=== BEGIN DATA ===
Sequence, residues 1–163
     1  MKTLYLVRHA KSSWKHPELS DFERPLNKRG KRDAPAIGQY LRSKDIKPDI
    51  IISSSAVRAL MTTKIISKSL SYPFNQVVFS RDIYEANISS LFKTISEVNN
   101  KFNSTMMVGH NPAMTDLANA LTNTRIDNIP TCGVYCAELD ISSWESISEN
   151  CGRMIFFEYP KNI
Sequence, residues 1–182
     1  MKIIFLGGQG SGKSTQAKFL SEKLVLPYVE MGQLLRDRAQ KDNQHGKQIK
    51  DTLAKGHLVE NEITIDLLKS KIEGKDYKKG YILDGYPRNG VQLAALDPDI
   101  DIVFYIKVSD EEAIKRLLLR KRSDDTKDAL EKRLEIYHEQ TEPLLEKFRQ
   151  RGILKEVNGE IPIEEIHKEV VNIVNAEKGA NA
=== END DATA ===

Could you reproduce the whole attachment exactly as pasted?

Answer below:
Sequence, residues 1–163
     1  MKTLYLVRHA KSSWKHPELS DFERPLNKRG KRDAPAIGQY LRSKDIKPDI
    51  IISSSAVRAL MTTKIISKSL SYPFNQVVFS RDIYEANISS LFKTISEVNN
   101  KFNSTMMVGH NPAMTDLANA LTNTRIDNIP TCGVYCAELD ISSWESISEN
   151  CGRMIFFEYP KNI
Sequence, residues 1–182
     1  MKIIFLGGQG SGKSTQAKFL SEKLVLPYVE MGQLLRDRAQ KDNQHGKQIK
    51  DTLAKGHLVE NEITIDLLKS KIEGKDYKKG YILDGYPRNG VQLAALDPDI
   101  DIVFYIKVSD EEAIKRLLLR KRSDDTKDAL EKRLEIYHEQ TEPLLEKFRQ
   151  RGILKEVNGE IPIEEIHKEV VNIVNAEKGA NA